This study examined whether obesity was associated with onset of significant depressive symptoms in a large community-based sample of older, initially non-depressed, persons during 5 years of follow-up. The results showed that in men but not in women obesity increased the risk of onset of significant depressive symptoms. Specifically, abdominal obesity appeared to be associated with the onset of depressive symptoms, independent of and more consistently than overall obesity. Men with high visceral fat had a more than 2-fold increased risk of becoming persistently depressed compared to men with normal amounts of visceral fat. Moreover, results showed that in men almost 10% of depressive symptoms onset and 20% of persistent depressive symptoms onset was related to having high visceral fat.
Several studies indicated that obesity and depression are associated2–4
. However, as concluded by Atlantis and Baker1
in their systematic review on obesity and depression, few studies have investigated the temporal direction of this association. Our findings correspond to a study by Roberts et al.10
which showed among persons aged 50+ that obesity at baseline was associated with an increased risk of depression 5 years later. Our results additionally showed that associations with depressive symptoms appear to be more consistently related to abdominal obesity than to overall obesity. The association between depressive symptoms and overall obesity in men was not consistently found after adjustment for visceral fat, while the association with visceral fat remained after controlling for BMI. At least, these results show that abdominal obesity has an additional effect on depressive symptoms onset above the influence of overall obesity. These results are in line with other studies showing that in particular abdominal obesity, more than overall obesity, is associated with poor health outcomes, such as diabetes and CVD13;14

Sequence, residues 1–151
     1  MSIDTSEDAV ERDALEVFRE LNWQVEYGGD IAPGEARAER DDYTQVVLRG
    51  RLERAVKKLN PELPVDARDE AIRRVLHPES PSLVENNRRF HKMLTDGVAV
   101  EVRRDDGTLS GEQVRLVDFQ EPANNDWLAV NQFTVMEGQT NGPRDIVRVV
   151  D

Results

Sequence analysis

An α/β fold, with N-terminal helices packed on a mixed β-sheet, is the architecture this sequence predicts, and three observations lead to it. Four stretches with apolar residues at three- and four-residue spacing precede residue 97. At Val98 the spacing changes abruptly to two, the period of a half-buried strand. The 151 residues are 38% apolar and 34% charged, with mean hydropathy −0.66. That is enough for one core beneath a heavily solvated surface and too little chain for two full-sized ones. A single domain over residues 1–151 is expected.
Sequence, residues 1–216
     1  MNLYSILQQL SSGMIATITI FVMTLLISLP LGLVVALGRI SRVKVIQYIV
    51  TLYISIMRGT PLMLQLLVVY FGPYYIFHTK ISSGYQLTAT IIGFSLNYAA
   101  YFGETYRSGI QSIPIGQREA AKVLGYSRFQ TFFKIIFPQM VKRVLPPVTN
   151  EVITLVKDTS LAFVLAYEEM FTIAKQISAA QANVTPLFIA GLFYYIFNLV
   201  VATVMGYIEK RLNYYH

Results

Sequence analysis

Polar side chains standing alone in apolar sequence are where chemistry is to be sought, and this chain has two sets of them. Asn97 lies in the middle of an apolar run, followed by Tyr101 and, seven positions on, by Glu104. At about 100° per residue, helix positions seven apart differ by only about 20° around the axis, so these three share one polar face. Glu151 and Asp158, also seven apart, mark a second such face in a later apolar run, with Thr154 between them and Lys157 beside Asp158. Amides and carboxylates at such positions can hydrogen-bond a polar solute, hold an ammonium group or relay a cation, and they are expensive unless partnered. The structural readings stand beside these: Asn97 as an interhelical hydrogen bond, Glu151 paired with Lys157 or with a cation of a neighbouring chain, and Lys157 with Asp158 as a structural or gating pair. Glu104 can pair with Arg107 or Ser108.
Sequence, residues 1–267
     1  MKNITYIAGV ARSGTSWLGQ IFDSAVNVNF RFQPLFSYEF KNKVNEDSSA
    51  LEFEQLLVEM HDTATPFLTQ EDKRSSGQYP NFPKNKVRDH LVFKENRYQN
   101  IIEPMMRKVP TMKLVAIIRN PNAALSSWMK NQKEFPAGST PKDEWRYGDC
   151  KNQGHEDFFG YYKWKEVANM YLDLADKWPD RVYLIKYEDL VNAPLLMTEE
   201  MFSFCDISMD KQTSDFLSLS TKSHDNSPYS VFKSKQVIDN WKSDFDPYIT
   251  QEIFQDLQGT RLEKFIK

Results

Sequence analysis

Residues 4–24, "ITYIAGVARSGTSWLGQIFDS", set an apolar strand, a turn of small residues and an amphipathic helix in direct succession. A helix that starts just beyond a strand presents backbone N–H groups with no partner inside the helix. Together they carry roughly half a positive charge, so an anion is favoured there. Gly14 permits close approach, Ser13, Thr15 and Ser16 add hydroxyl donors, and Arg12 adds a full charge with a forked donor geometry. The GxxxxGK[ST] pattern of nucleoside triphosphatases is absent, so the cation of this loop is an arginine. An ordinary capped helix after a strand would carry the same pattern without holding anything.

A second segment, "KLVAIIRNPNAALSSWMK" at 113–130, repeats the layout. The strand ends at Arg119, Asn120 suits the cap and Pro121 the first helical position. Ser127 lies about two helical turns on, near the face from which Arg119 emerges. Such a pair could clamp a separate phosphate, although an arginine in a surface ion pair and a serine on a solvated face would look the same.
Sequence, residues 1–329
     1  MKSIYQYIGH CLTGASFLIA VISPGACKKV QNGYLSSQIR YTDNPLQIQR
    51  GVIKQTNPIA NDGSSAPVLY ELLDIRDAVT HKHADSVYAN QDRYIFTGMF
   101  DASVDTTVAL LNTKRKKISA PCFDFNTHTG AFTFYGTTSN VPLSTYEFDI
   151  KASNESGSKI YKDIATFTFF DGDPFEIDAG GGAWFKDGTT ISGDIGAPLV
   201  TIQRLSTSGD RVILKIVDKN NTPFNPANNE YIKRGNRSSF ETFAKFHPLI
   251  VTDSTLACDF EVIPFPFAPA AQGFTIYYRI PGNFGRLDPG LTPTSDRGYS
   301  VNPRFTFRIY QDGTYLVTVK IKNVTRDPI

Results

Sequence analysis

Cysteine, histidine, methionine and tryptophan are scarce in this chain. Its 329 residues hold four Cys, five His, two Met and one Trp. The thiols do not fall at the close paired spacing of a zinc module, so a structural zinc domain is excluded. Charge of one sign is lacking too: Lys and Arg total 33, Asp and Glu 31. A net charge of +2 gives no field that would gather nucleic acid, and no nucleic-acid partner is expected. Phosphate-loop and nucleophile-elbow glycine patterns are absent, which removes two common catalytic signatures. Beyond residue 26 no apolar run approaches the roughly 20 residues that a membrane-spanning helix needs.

To our knowledge, the current study was the first to test and demonstrate that abdominal obesity increases the risk of onset of significant depressive symptoms in men. This evidence should be considered together with other recent longitudinal results which illustrates that – the other way around – depressive symptoms also lead to increases in abdominal obesity over 5 years9
. The fact that abdominal obesity and depressive symptoms are found to be reciprocally associated, indicates that the two are strongly intertwined and suggests that a vicious cycle might exist. The bidirectional relationship between abdominal obesity and depressive symptoms further indicates that when trying to break this vicious cycle, treatment of either obesity or depression cannot be given in isolation and comorbidity between these two should be taken into consideration.
How might abdominal obesity increase the risk of incident depression? First, a poor self-image or perceived stigma of an obese person might induce depression20
. Also, binge-eating behavior, not uncommon in obese persons, has been associated with major depressive disorder21
. These mechanisms are probably true for overall obesity as well as and not specific for abdominal obesity. Poor lifestyle behaviors might lead to both abdominal obesity and depression. However, in our analyses adjustment for lifestyle behaviors did not influence results much. In addition, diseases related to abdominal obesity such as diabetes and CVD have been associated with depression22;23
and might be responsible for the association between abdominal obesity and depression. In our study, adjustment for prevalent as well as incident diabetes and CVD did not affect the relationship between abdominal obesity and depressive symptoms onset, suggesting that such an association does exist rather independently of diabetes and CVD. Other pathophysiological explanations may exist. Studies have shown that visceral fat produces cytokines in higher amount than subcutaneous fat24
. High levels of cytokines such as TNF-alpha, IL-6, and C-reactive protein have been found both in visceral obesity25
. In addition, the mechanisms discussed above (poor lifestyle, more diabetes and CVD, and inflammation in obese persons) might all induce vascular damage and are therefore in line with the vascular depression hypothesis, which states that vascular damage in the brain might predispose, precipitate, or perpetuate depression in the elderly27